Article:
Of all the human senses it is taste that most consistently provides us with pleasure. It’s a sense that brings us satisfaction throughout the day and even can fill our dreams. But taste is more than a source of pleasure, it is also one of our most important natural defense mechanisms. With it we can detect food that has gone bad or if something might be poisonous. So, if our sense is compromised it cannot only impact our enjoyment of life but it can even place us in harm’s way.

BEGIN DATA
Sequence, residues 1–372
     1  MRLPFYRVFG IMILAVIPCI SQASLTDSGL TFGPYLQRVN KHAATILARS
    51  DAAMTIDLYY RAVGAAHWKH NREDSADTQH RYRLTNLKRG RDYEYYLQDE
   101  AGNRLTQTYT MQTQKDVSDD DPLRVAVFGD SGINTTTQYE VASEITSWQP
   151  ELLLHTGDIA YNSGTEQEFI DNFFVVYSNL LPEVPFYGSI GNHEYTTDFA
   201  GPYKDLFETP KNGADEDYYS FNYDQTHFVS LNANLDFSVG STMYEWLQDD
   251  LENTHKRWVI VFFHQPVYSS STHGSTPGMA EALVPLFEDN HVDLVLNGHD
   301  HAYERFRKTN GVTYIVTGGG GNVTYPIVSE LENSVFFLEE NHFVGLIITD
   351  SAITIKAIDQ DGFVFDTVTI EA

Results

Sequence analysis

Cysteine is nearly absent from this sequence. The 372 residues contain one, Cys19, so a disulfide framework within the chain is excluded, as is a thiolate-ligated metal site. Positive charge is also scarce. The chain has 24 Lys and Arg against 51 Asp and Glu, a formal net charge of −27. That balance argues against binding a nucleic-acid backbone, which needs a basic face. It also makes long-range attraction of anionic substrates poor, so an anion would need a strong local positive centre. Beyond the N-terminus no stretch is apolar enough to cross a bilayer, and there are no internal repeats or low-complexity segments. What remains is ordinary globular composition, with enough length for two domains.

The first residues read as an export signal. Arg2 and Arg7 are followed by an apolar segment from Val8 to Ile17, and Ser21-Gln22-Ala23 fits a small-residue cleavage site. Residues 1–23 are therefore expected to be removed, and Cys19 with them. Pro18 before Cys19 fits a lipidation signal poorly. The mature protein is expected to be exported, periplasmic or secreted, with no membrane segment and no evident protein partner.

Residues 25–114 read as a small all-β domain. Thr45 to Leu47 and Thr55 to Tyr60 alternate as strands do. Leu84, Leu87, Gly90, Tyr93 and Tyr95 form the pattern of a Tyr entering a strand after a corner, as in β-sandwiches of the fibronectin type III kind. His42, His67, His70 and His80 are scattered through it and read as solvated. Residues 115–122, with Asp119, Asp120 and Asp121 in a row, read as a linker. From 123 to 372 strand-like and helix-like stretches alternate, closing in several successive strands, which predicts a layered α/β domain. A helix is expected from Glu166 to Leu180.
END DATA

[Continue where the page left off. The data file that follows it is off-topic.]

From a medical perspective, a change in or loss of the sense of taste is often not an issue with our taste buds but is indicative of an issue in another area of our body. For instance, most of us have experienced a partial loss of our ability to taste food, called hypogeusia, when we have a cold. This is because our nasal passages our blocked and our ability to perceive flavor is impacted by our inabilty to smell. This type of taste change is likely to be a temporary situation that will correct itself but if you experience a long term change in your sense of taste or have developed a phantom taste in your mouth, it is important that you get your condition assessed.